Rivera et al v. BAC Home Loans Servicing LP et al

Filing 18

ORDER RE: 6 DENYING PRELIMINARY INJUNCTION. Signed by Judge Richard Seeborg on 07/09/2010.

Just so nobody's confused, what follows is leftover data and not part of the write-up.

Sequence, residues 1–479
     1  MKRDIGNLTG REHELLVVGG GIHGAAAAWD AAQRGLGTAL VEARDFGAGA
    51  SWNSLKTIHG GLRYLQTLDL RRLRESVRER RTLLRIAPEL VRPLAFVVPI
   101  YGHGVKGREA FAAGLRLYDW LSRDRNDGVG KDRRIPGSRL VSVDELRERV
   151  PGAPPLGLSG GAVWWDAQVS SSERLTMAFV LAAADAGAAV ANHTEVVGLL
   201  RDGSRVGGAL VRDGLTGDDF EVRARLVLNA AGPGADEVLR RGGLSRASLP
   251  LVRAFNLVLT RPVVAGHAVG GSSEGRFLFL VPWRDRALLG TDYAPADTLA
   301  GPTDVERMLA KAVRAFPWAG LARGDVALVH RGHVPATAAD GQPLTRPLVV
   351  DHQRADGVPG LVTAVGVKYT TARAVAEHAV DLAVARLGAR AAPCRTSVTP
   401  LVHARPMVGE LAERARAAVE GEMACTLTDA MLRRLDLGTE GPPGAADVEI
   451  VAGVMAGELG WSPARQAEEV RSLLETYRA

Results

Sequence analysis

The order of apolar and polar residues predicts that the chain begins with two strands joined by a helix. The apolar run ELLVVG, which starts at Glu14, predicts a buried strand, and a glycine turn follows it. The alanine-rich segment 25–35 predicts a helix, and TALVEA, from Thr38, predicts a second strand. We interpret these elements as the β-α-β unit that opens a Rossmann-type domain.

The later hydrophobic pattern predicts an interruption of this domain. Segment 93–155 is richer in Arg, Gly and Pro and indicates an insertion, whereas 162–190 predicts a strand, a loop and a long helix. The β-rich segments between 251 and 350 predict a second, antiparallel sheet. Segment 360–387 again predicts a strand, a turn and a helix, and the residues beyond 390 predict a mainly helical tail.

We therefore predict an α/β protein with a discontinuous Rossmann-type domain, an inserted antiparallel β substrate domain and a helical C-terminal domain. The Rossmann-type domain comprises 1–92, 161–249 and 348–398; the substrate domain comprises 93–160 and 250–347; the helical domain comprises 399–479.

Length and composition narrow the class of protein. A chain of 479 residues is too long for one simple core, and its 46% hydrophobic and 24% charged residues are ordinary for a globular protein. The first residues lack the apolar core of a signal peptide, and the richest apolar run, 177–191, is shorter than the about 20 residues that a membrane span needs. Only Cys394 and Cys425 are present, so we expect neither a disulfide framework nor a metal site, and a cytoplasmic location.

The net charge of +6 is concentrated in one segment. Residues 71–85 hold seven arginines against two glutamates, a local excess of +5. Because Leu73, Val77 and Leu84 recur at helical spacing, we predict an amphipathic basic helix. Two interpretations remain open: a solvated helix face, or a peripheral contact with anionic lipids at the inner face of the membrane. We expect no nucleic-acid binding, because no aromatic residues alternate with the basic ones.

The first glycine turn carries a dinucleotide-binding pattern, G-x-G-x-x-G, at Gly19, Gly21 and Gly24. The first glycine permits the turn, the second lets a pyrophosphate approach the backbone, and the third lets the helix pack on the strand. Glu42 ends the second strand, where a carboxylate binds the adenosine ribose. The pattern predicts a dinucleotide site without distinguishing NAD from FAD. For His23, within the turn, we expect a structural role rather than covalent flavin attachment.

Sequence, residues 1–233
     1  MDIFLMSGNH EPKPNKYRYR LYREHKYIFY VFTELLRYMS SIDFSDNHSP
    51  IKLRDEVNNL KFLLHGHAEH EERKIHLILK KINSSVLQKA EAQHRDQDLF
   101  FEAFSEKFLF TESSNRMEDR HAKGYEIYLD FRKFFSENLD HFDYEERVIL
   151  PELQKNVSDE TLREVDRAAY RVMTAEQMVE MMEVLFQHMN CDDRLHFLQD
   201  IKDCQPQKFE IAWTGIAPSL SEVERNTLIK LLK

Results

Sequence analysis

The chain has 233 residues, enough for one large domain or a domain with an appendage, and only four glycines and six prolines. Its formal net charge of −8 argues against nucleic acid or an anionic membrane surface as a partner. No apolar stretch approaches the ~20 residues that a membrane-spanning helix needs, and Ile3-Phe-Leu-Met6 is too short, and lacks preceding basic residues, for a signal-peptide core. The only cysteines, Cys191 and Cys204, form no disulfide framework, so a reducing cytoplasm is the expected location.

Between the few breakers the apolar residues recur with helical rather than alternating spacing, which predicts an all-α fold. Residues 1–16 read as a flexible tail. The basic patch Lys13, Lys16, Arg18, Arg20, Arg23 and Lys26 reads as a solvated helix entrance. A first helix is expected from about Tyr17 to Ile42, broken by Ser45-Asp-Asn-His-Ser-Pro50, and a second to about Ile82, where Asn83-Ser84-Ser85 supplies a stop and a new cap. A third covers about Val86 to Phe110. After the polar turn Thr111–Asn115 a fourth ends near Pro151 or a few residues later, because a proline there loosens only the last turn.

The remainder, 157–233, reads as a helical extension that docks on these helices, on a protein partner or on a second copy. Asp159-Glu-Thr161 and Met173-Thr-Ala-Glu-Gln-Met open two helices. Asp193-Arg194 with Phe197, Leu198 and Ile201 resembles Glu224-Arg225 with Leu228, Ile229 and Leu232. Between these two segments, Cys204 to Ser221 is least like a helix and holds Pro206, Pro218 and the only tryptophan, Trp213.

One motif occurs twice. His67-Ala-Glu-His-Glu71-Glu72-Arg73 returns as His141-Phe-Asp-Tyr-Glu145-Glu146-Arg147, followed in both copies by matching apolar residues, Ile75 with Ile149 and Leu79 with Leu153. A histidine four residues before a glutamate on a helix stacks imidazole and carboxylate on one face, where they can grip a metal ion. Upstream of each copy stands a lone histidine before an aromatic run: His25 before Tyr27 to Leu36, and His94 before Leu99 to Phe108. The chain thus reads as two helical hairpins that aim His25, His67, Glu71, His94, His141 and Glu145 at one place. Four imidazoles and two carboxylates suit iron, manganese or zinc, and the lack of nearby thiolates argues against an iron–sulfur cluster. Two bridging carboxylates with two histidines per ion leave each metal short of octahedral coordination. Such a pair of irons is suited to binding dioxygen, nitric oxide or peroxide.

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Rivera et al v. BAC Home Loans Servicing LP et al Doc. 18 1 2 3 4 5 6 7 8 9 10 *E-Filed 07/09/2010* IN THE UNITED STATES DISTRICT COURT FOR THE NORTHERN DISTRICT OF CALIFORNIA SAN FRANCISCO DIVISION JASON RIVERA, an individual; and MIKALA RIVERA, an individual, Plaintiffs, CASE NO. C 10-02439 RS ORDER DENYING PRELIMINARY INJUNCTION United States District Court 11 For the Northern District of California 12 13 14 15 16 17 18 19 20 21 22 23 24 25 26 27 28 v. BAC HOME LOANS SERVICING, L.P., et al., Defendants. ____________________________________/ NO. C 10-02439 RS Dockets.Justia.com 1 2 3 4 5 6 7 8 9 10 I. INTRODUCTION Plaintiffs Jason and Mikala Rivera filed their Complaint on June 2, 2010 alleging thirteen causes of action, including violations of the Real Estate Settlement Procedures Act, 12 U.S.C. 2605 et seq ("RESPA"), the Truth in Lending Act, 15 U.S.C. 1601 et seq ("TILA") and its implementing regulations, 12 C.F.R. 226 et seq ("Regulation Z"), and a number of state law claims. On June 4, 2010, plaintiffs filed an emergency motion for a temporary restraining order ("TRO") enjoining defendants ReconTrust Company, N.A. ("ReconsTrust") and BAC Home Loans Servicing, LP ("BAC") from conducting a trustee's sale of plaintiff's property at 153 Smith Street, Alamo, California, 94507 (the "Property"). Plaintiffs represented that the trustee's sale was scheduled to take place on June 9, 2010 at 11:00 a.m. This Court issued the TRO along with an order to show cause why a preliminary injunction should not be granted. That motion came on for hearing on June 17, 2010. II. BACKGROUND The Riveras explain that, on August 18, 2006, they purchased the Property after negotiating a mortgage and home equity line of credit ("HELOC") with defendant Countrywide Bank, N.A. ("Countrywide Bank"), whose successor in interest is defendant Bank of America, N.A. ("BofA"). The mortgage and HELOC (together, the "Home Loans"), which were secured by a deed of trust ("Deed of Trust"), were brokered by Countrywide Home Loans, Inc. ("CHL"), which was subsequently assigned by Countrywide Bank to BofA. ReconTrust was the initial trustee on the Deed of Trust. The promissory note executed pursuant to the Home Loans, as well as the Deed of Trust, was serviced by defendants Aqura Loan Services, Merscorp, Inc., and BAC. According to the complaint, during the application process, CHL misrepresented the Riveras' income and provided falsified income documentation to Countrywide Bank in order to secure a mortgage and HELOC for which the plaintiffs would not have otherwise qualified. The complaint also alleges that Countrywide Bank failed to provide a number of material disclosures regarding, among others, the applicable interest rate, closing costs, and right to cancel under the Home Loans. NO. C 10-00805 RS United States District Court 11 For the Northern District of California 12 13 14 15 16 17 18 19 20 21 22 23 24 25 26 27 28 2 1 2 3 4 5 6 7 8 9 10 The Riveras aver that, as a result of these misrepresentations and omissions, they agreed to accept loans that they could not afford, and eventually fell behind on their payments. Accordingly, ReconTrust recorded a notice of default on May 2, 2008, and, because plaintiffs were unable to cure the default, ReconTrust eventually recorded a notice of sale on August 3, 2008, with a sale date of June 9, 2010. On July 29, 2009, the Riveras advised Countrywide Bank, CHL and ReconTrust of their intention to rescind the Home Loans. Based on these allegations, plaintiffs assert causes of action for violations of TILA, California's Rosenthal Fair Debt Collectors Practice Act (the "Rosenthal Act"), RESPA, the California Business and Professions Code section 17200 et. seq., intentional misrepresentation, breach of fiduciary duty, breach of contract, breach of implied covenant of good faith and fair dealing, predatory lending, negligence, usury, accounting and quiet title. On June 7, 2010, the Court issued a TRO temporarily enjoining the June 9, 2010 sale of the Property and ordered the defendants to show cause why a preliminary injunction should not be granted. Defendants responded to that order to show cause on June 15, 2010. III. LEGAL STANDARD Injunctive relief is an "extraordinary remedy" and may only be awarded in response to a firm demonstration that the plaintiff is entitled to such relief. Winter v. Natural Res. Defense Council, 129 S. Ct. 365, 376 (2008); Weinberger v. Romero-Barcelo, 456 U.S. 305, 312 (1982). "A plaintiff seeking a preliminary injunction must establish that he is likely to succeed on the merits, that he is likely to suffer irreparable harm in the absence of preliminary relief, that the balance of equities tips in his favor, and that an injunction is in the public interest." Am. Trucking Ass'ns, Inc. v. City of Los Angeles, 559 F.3d 1046, 1052 (9th Cir. 2009) (quoting Winter, 129 S. Ct. at 374). At oral argument, plaintiffs' counsel represented that the appropriate standard for a preliminary injunction is a "sliding scale," which balances the likelihood of success on the merits against the relative hardship to the parties. In other words, according to plaintiffs, a preliminary injunction is warranted even where there is no likelihood of success on the merits, provided that the moving party can establish irreparable harm. This is not a correct characterization of the law. NO. C 10-00805 RS United States District Court 11 For the Northern District of California 12 13 14 15 16 17 18 19 20 21 22 23 24 25 26 27 28 3 1 2 3 4 5 6 7 8 9 10 Indeed, the Supreme Court in Winter rejected just such a "sliding scale" approach to the preliminary injunction standard. In so doing, Court reversed the Ninth Circuit's adoption of a balancing approach where "the required showing of irreparable harm varies inversely with the probability of success," LGS Architects, Inc. v. Concordia Homes, 424 F.3d 1150, 1155 (9th Cir. 2005), and flatly rejected at least one half of the conceptual continuum, insisting instead that a plaintiff must always show a likelihood of irreparable harm. Winter, 129 S. Ct. at 374. Indeed, the Ninth Circuit has since acknowledged that Winter rejected its earlier preliminary injunction standard as "too lenient." See American Trucking Association v. City of Los Angeles 559 F.3d 1046, 1052 (9th Cir. 2009). In American Trucking, the Court went on to recite Winter's standard and insisted that, "[t]o the extent that our cases have suggested a lesser standard, they are no longer controlling, or even viable." Id. Here, plaintiffs have failed to show a substantial likelihood of success on the merits as to any of the thirteen claims for relief. IV. DISCUSSION A. TILA Plaintiffs contend that they are entitled to rescind the Home Loans under TILA, which grants borrowers the right to rescind within three days after executing a consumer credit transaction. 15 U.S.C. 1635(a). Section 1635(f) imposes a three year time limit for rescission where a creditor fails to disclose that right to rescind. 15 U.S.C 1635(f); 12 C.F.R. 226.23(a)(3). Here, plaintiffs purchased the property on August 18, 2006, but did not bring these TILA claims until June 2010, nearly four years later. Although TILA does recognize the principal of equitable tolling under certain circumstances, that principal will not save the Riveras' TILA claim as the Ninth Circuit has observed: "Congress placed a three year absolute limit on rescission actions, demonstrating its willingness to put a limit on the scope of some types of TILA actions." King v. California, 784 F.2d 910, 914 (9th Cir. 1986). "At least in the rescission context," the Circuit reasoned, "Congress did not intend to prolong the limitations period." Id. Additionally, whether or not a statute of limitations should be equitably tolled is a factual determination that "focuses on whether there was excusable delay by the plaintiff and may be applied if, despite all due diligence, a plaintiff is unable NO. C 10-00805 RS United States District Court 11 For the Northern District of California 12 13 14 15 16 17 18 19 20 21 22 23 24 25 26 27 28 4 1 2 3 4 5 6 7 8 9 10 to obtain vital information bearing on the existence of his claim." Huseman v. Icicle Seafoods, Inc., 471 F.3d 1116, 1120 (9th Cir.2006) (quotations and citations omitted) (emphasis in original). Even if plaintiffs were legally entitled to equitable tolling of their claims, they have not alleged any facts in the Complaint that would warrant tolling the statute of limitations here. Moreover, the right to rescind does not apply to residential mortgage transactions. 15 U.S.C. 1635(e); 12 C.F.R. 226.23(f). A "residential mortgage transaction" consists of "a transaction in which a mortgage, deed of trust... or equivalent consensual security interest is created or retained against the consumer's dwelling to finance the acquisition... of such dwelling." 15 U.S.C. 1602(w); 12 C.F.R. 226.2(a)(24). Plaintiffs rely upon Semar v. Platte Valley Fed. Sav. & Loan Assoc. for the proposition that borrowers have three days to rescind consumer credit transactions where the borrower's principal dwelling is the security interest. 791 F.2d 699, 701 (9th Cir. 1986). That case is distinguishable from the facts here, though, because it involved homeowners who took out a long-term loan to pay off a one-year second trust deed loan on their house. Id. Here, there is no allegation that either the HELOC or the mortgage was a consumer credit transaction executed for any purpose other than for acquiring the Property. Indeed, both the Complaint and the Memorandum in Support of Ex Parte Application maintain that the Riveras executed the mortgage and HELOC at the same time precisely in order to purchase the Property. Compl. at 12, 16; Doc. No. 8 at 1. In other words, the mortgage and the HELOC, together constituting the Home Loans, are residential mortgage transactions exempt from the right to rescind, and plaintiffs' TILA claims therefore cannot halt foreclosure. United States District Court 11 For the Northern District of California 12 13 14 15 16 17 18 19 20 21 22 23 24 25 26 27 28 B. California Rosenthal Act California's Rosenthal Fair Debt Collectors Practice Act prohibits "debt collectors from engaging in unfair or deceptive acts or practices in the collection of consumer debts." Cal. Civ. Code 1788.1(b). Under the statute, a "debt collector" is "any person who, in the ordinary course of business, regularly, on behalf of himself or herself or others, engages in debt collection." Cal. Civ. Code 1788.2(c). Denial of a restraining order is appropriate when a plaintiff fails to allege NO. C 10-00805 RS 5 1 2 3 4 5 6 7 8 9 10 that a defendant is a debt collector as defined under the statute. See Ines v. Countrywide Home Loans, Inc., No. 08cvl267 WQH (NLS), 2008 WL 2795875, *2 (S.D. Cal. Jul 18, 2008); Izenberg v. ETS Servs., 589 F. Supp. 2d 1193, 1199 (C.D. Cal. 2008) ("[t]he [Rosenthal Act] applies only to debt collectors"). Moreover, courts have regularly held that mortgage servicing companies and mortgage lenders are not debt collectors under the statute. See Caballer v. Ocwen Loan Serv., 2009 WL 1528128, *1 (N.D. Cal. 2008) ("creditors, mortgagors and mortgage service companies are not `debt collectors' and are exempt from liability"); Ines, 2008 WL 2795875, *3. Here, although the Complaint states that "Plaintiffs allege that Defendants are debt collectors," none of the evidence submitted suggests that this is the case. Indeed, other than this single reference to the defendants as "debt collectors," elsewhere in the Complaint plaintiffs refer to Countrywide Bank as the "loan originator," CHL as the "loan broker," ReconTrust as the "trustee" and BAC as the servicer of the promissory notes and Deed of Trust. Compl. at 14, 34, 38. Moreover, nowhere in the Complaint or in plaintiffs' Memorandum in Support of Ex Parte Application is there an allegation that the defendants engaged in any debt collection activity other than the foreclosure of the Property, which is not a debt collector's act under California Civil Code section 1788.2(c). See Izenberg, 589 F. Supp. 2d at 1199 ("foreclosure does not constitute debt collection under the [Rosenthal Act]"). Because the defendants are not "debt collectors" under California law, plaintiffs' Rosenthal Act claim lacks a substantial likelihood of success. Accordingly, the Riveras' request for preliminary injunctive relief is simply not viable under their second claim for relief. United States District Court 11 For the Northern District of California 12 13 14 15 16 17 18 19 20 21 22 23 24 25 26 27 28 C. RESPA Plaintiffs' third claim for relief alleges a violation of 12 U.S.C. sections 2605(e) and 2608. RESPA claims under sections 2608 and 2605 are subject to a one-year statute of limitations and a three-year statute of repose, respectively. 12 U.S.C. 2614. Because more than three years passed between the execution of the loans and the filing date, and because plaintiffs have not alleged any NO. C 10-00805 RS 6 1 2 3 4 5 6 7 8 9 10 facts in the Complaint that would warrant tolling the statute of limitations, plaintiffs' claims for damages under RESPA are time barred.1 See Huseman, 471 F.3d at 1120. Moreover, both 12 U.S.C. section 2506 and 2608 outline the remedies available to a private citizen. Section 2605 provides that individuals damaged by a RESPA violation are entitled to receive actual damages, as well as any additional damages the court may allow "in the case of a pattern or practice of noncompliance with the requirements of this section, in an amount not to exceed $1,000." 12 U.S.C. 2605(f)(1)(A) & (B). Section 2605 also allows prevailing plaintiffs to recover attorney's fees and costs. 12 U.S.C. 2605(f)(3). Similarly, section 2608 provides for damages "equal to three times all charges made for such title insurance." 12 U.S.C. 2608(b). None of these remedies, however, would permit a permanent injunction against foreclosure. The standard for a preliminary injunction is functionally the same as for a permanent injunction; the only difference is that the plaintiff must show a likelihood of success, as opposed to actual success, on the merits. It follows, therefore, that a party may not obtain preliminary injunctive relief where he or she could not obtain permanent injunctive relief. Amoco Prod. Co. v. Village of Gambell, 480 U.S. 531, 546 n.12 (1987); see also, Chung v. NBGI, Inc., No. 09-04878, 2010 WL 841297 at *3 (N.D. Cal. Mar. 10, 2010) ("the question before the Court is not whether plaintiff is likely to succeed in proving that defendants violated these statutes, but whether she is likely to succeed on her claim for injunctive relief as a remedy for any such violation"). In this instance, even if plaintiffs had included facts which suggest that their RESPA claims were timely (which they have not), the proper remedy would be drawn from statutory damages, fees and costs. Plaintiffs, therefore, have failed to show substantial likelihood of a successful permanent injunction on the merits, so their RESPA claims cannot stop foreclosure.2 The Complaint alleges that the defendants failed to provide a proper written explanation or response to plaintiffs' "Qualified Written Request." Compl. at 62. However, it makes no averments as to when that Qualified Written Request was sent, nor is a copy of the Qualified Written Request attached to the Complaint or included with any of the other filings. 2 A similar issue arises as to the claims for relief for violation of the Rosenthal Act, California Business and Professions Code section 17200 et. seq, breach of fiduciary duty, breach of contract, breach of implied covenant of good faith and fair dealing, predatory lending, negligence, usury, accounting and quiet title, for which it is unclear whether a proper remedy would permit plaintiffs' to stop foreclosure. Because other bases exist to deny a preliminary injunction premised on these claims for relief, however, the Court does not reach that issue. NO. C 10-00805 RS 1 United States District Court 11 For the Northern District of California 12 13 14 15 16 17 18 19 20 21 22 23 24 25 26 27 28 7 1 2 3 4 5 6 7 8 9 10 D. Misrepresentation The Riveras' fourth claim for relief for fraud alleges that the defendants inflated plaintiffs' income on their loan application. Compl. at 69. Under California Code of Civil Procedure section 338(d), "[a]n action for relief on the ground of fraud or mistake" must be brought within three years after the party discovers the fraud. Cal. Civ. Proc. Code 338. Additionally, a party alleging fraud has a duty to exercise diligence in discovering the fraud, such that the three years begins to run when that party "has the opportunity to obtain knowledge from sources open to his investigation." Lee v. Escrow Consultants, Inc., 210 Cal. App. 3d 915, 921 (1989). Here, the Riveras signed the loan documents on August 18, 2006, but did not file suit until June 2, 2010, almost four years later. There were no averments made, or evidence presented in the filings or at the oral argument, suggesting that plaintiffs lacked access to the loan documents for those four years. Certainly, then, the plaintiffs had "the opportunity to obtain knowledge from sources open to [their] investigation." In other words, the Riveras' claim for fraud is time-barred, and is therefore not substantially likely to succeed on its merits. E. Breach of Fiduciary Duty and Negligence The Riveras' fifth and tenth claims for relief for breach of fiduciary duty and negligence, respectively, are based on the proposition that the defendants "owed a fiduciary duty to the Plaintiffs' to act primarily for their benefit, to act with proper skill and diligence, and not to make a personal profit from the agency at the expense of their principal, the Plaintiffs." Compl. at 79. It is settled California law, however, that "[t]he relationship between a lending institution and its borrower-client is not fiduciary in nature." Nymark v. Heart Fed. Savings and Loan Ass'n, 231 Cal. App. 3d 1089, 1093, fn. 1 (1991); see also, Oaks Management Corp. v. Superior Court, 145 Cal. App. 4th 453, 466 (2006) ("a loan transaction is at arms-length and there is no fiduciary relationship between the borrower and lender"). Moreover, California courts have routinely found that, under a standard borrower/lender relationship, a lender has no duty to disclose to a borrower what the borrower may or may not be able to afford. See Wagner v. Benson, 101 Cal. App. 3d 27, 34-35 (1980). NO. C 10-00805 RS United States District Court 11 For the Northern District of California 12 13 14 15 16 17 18 19 20 21 22 23 24 25 26 27 28 8 1 2 3 4 5 6 7 8 9 10 Here, plaintiffs have made no averments, nor provided any evidence, to suggest that the relationship between the defendants and the Riveras is anything more than a routine relationship between a lender and borrower. The only agreements alleged in the Complaint are the Home Loans themselves; there are no averments that these agreements created anything more than an obligation by CHL to fund a loan, and an obligation by the Riveras to repay that loan. Therefore, by failing to establish a fiduciary duty owed by defendants, plaintiffs have not met their burden as to likelihood of success on the merits on a claim for relief based upon breach of a fiduciary duty or negligence. F. Breach of Contract and Breach of Implied Covenant of Good Faith and Fair Dealing Plaintiffs' claims for relief allege breach of contract (sixth) and breach of the implied covenant of good faith and fair dealing (seventh). Compl. at 84-97. Under California law, the elements of breach of contract claim are: "(1) the contract, (2) plaintiff's performance or excuse for nonperformance, (3) defendant's breach, and (4) damage to plaintiff therefrom." Wall Street Network, Ltd. v. New York Times Co., 164 Cal. App. 4th 1171, 1179 (2008) (citations omitted). Similarly, the implied covenant of good faith is generally grounded in contract, not in tort law. Section 205 of the Restatement of Contracts states that, "[e]very contract imposes upon each party a duty of good faith and fair dealing in its performance and its enforcement." Restatement (Second) of Contracts 205 (2009). Indeed, the implied covenant of good faith is intended to ensure compliance with the agreed terms of a contract. See April Enterprises, Inc. v. KTTV, 147 Cal. App. 3d 805, 816 (1983) ("it is implied in law that a party to a contract will not do anything which would deprive the other party of the benefits of the contract"). The basis for plaintiffs' contract claims is that the defendants "promised to provide Plaintiffs with an affordable loan." Compl. at 85. Nothing in the Complaint, or in any of the evidence presented to the Court, however, suggests that such an agreement existed. Again, the only contracts in evidence are the Home Loan documents, which simply create a lender/borrower relationship but do not, at least as alleged in the Complaint, require the defendants to provide the Riveras with an affordable loan. See, e.g., Nymark, 231 Cal. App. 3d at 1093, fn. 1; Wagner, 101 Cal. App. 3d at 34-35; Oaks Management Corp., 145 Cal. App. 4th at 466 (a lender has no duty to disclose to a NO. C 10-00805 RS United States District Court 11 For the Northern District of California 12 13 14 15 16 17 18 19 20 21 22 23 24 25 26 27 28 9 1 2 3 4 5 6 7 8 9 10 borrower what the borrower may or may not be able to afford). Absent any applicable contractual relationship, then, plaintiffs cannot meet their burden of establishing a substantial likelihood of success on the merits as to a breach of contract or breach of covenant of good faith claim. G. Predatory Lending The eighth claim for relief is for predatory lending in violation of California Financial Code section 4970 et. seq. Section 4970 only applies, however, when the loan is a "covered loan" as defined in the statute. Wolski v. Fremont Investment & Loan, 127 Cal. App. 4th 347, 351 (2005). Whether or not a loan is covered depends on the size of the loan and "[t]he total points and fees payable by the consumer." Cal. Fin. Code 4970(b). Because plaintiffs fail to make any averments as to the specific terms of the loan, they cannot establish that it is a covered loan. Therefore, they fall short of establishing a likelihood of success on the merits as to this claim for relief. H. UCL The Riveras aver in their ninth claim for relief that defendants engaged in unfair or unlawful business practices in violation of California's Unfair Competition Law ("UCL"). Cal. Bus. & Prof. Code 17200 (prohibiting "unlawful, unfair or fraudulent" business practices). They argue broadly that the defendants' acts constitute unfair or unlawful business practices "within the meaning" of the Code but do not actually differentiate between the defendants or pin their allegations to a particular prong of the UCL's prohibition against "unfair, unlawful or fraudulent" business practices. Under the "unlawful" prong, the UCL incorporates other laws and treats violations of those laws as unlawful business practices independently actionable under state law. Chabner v. United Omaha Life Ins. Co., 225 F.3d 1042, 1048 (9th Cir. 2000). Violation of almost any federal, state, or local law may serve as the basis for a UCL claim. Saunders v. Superior Ct., 27 Cal. App. 4th 832, 838-39 (1994). Where a plaintiff cannot state a claim under the "borrowed" law, however, he or she cannot state a UCL claim either. See, e.g., Ingels v. Westwood One Broadcasting Servs., Inc., 129 Cal. App. 4th 1050, 1060 (Cal. Ct. United States District Court 11 For the Northern District of California 12 13 14 15 16 17 18 19 20 21 22 23 24 25 26 27 28 NO. C 10-00805 RS 10 1 2 3 4 5 6 7 8 9 10 App. 2005) ("[a] defendant cannot be liable under [section] 17200 for committing unlawful business practices without having violated another law") (citation omitted). Under a "fraud" theory, a plaintiff must show that "members of the public are likely to be `deceived'" by the defendant's practices. In re Tobacco II Cases, 46 Cal. 4th 298, 312 (2009) (citing Kasky v. Nike, Inc., 27 Cal.4th 939, 951 (2002)). Where a plaintiff alleges that the defendant failed to disclose material facts, he or she must first establish that the defendant had a duty to disclose those facts. See Berryman v. Merit Prop. Mgmt., Inc., 152 Cal. App. 4th 1544, 1557 (2007) ("Absent a duty to disclose, the failure to do so does not support a claim under the fraudulent prong of the UCL."). As to UCL's "unfair" prong, California courts traditionally have applied a balancing test. Under this test, "the determination of whether a particular business practice is unfair necessarily involves an examination of its impact on its alleged victim, balanced against the reasons, justifications and motives of the alleged wrongdoer." Motors, Inc. v. Times Mirror Co., 102 Cal. App. 3d 735, 740 (1980); see also People v. Casa Blanca Convalescent Homes Inc., 159 Cal. App. 3d 509, 530 (1984) (stating that a practice in California is unfair "when it offends an established public policy or when the practice is immoral, unethical, oppressive, unscrupulous or substantially injurious to consumers."). In Cel-Tech Communications, Inc. v. Los Angeles Cellular Telephone Co., however, the California Supreme Court rejected that test and instead held that in a claim brought by a competitor, "any finding of unfairness . . . [must] be tethered to some legislatively declared policy." 20 Cal. 4th 163, 185 (1999). The Ninth Circuit has observed that these two options--to apply Cel-Tech directly to consumer cases and require that the unfairness be tied to a "legislatively declared" policy as in Scripps Clinic, or to adhere to the former balancing test as stated in cases such as Motors, Inc.--are not mutually exclusive. Lozano v. AT & T Wireless Servs., Inc., 504 F.3d 718, 736 (9th Cir. 2007). Here, plaintiffs fail to establish a claim for relief under any of the UCL prongs; they fail to show a substantial likelihood of success as to any of the other causes of action and NO. C 10-00805 RS United States District Court 11 For the Northern District of California 12 13 14 15 16 17 18 19 20 21 22 23 24 25 26 27 28 11 1 2 3 4 5 6 7 8 9 10 make no averments of a deceptive or unfair business practice. Therefore, they fail to advance any factual support for their conclusory claim that they suffered as a result of "Defendants' wrongful conduct" and thereby fall short of a showing of any prospect of success on the merits. I. Usury Plaintiffs' eleventh claim for relief avers that the interest rate on the loan was usurious. Compl. at 114. In California, a claim for usury requires "(1) [t]he transaction must be a loan or forbearance; (2) the interest to be paid must exceed the statutory maximum; (3) the loan and interest must be absolutely repayable by the borrower; and (4) the lender must have a willful intent to enter into a usurious transaction." Ghirardo v. Antonioli, 8 Cal. 4th 791, 798 (1994) (citations omitted). Here, the Complaint makes no averments as to the willful intent of the defendants to enter into a usurious transaction, nor does it suggest that the loan and interest were "absolutely repayable" by the Riveras. Therefore, the claim for usury also fails as a basis for preliminary injuctive relief. J. Accounting The twelfth claim for relief seeks an accounting from the defendants. Notwithstanding the fact that accounting is more appropriately characterized as a form of relief rather than as an independent claim, Borrego v. BMG U.S. Latin, 92 Fed. App'x 572, 573 (9th Cir. 2004) (citing Hillman v. Stults, 263 Cal. App. 2d 848, 876 (1968)), plaintiffs fail to show the need for such an accounting. To assert a right to accounting, plaintiffs must demonstrate either "(1)... the relationship of the parties created an equitable duty to account...; (2)... the complicated nature of accounts would make it difficult, if not impossible, for a jury to unravel the numerous transactions; [or] (3)... an accounting on an otherwise legal claim [is] incidental to a demand for an injunction or other equitable relief." Towers v. Titus, 5 B.R. 786, 793 (N.D.Cal.1979) (citing 9 Wright & Miller 2310). Moreover, they must prove that "some balance is due the plaintiff[s] that can only be ascertained by an accounting." Teselle v. NO. C 10-00805 RS United States District Court 11 For the Northern District of California 12 13 14 15 16 17 18 19 20 21 22 23 24 25 26 27 28 12 1 2 3 4 5 6 7 8 9 10 McLoughlin, 173 Cal. App. 4th 156, 179 (2009). Here, nothing in the Complaint suggests that defendants owe the Riveras any amount of money - indeed, it appears just the opposite or that the nature of the transaction or the relationship of the parties necessitates an accounting. Therefore, plaintiffs fail to establish a substantial likelihood of success on their claim for an accounting. K. Quite Title The Complaint's last claim for relief is for "quiet title" to the Property. Defendants make a number of arguments against "quiet title," but it is dispositive as to this claim that, under California law, a borrower may not assert "quiet title" against a mortgagee without first paying the outstanding debt on the property. See Miller v. Provost, 26 Cal. App. 4th 1703, 1707 (1994) ("a mortgagor of real property cannot, without paying his debt, quiet his title against the mortgagee") (citation omitted). Therefore, because the Riveras have not paid their outstanding debt on the Property, their claim for "quiet title" fails as a basis for preliminary injuctive relief. V. CONCLUSION A preliminary injunction is an "extraordinary" remedy that is not lightly granted. A moving party must demonstrate some likelihood of success on the merits. Plaintiffs have failed to do so here, and their motion for preliminary injunctive relief therefore must be denied. United States District Court 11 For the Northern District of California 12 13 14 15 16 17 18 19 20 21 22 23 24 25 26 27 28 IT IS SO ORDERED. Dated: 07/09/2010 RICHARD SEEBORG UNITED STATES DISTRICT JUDGE NO. C 10-00805 RS 13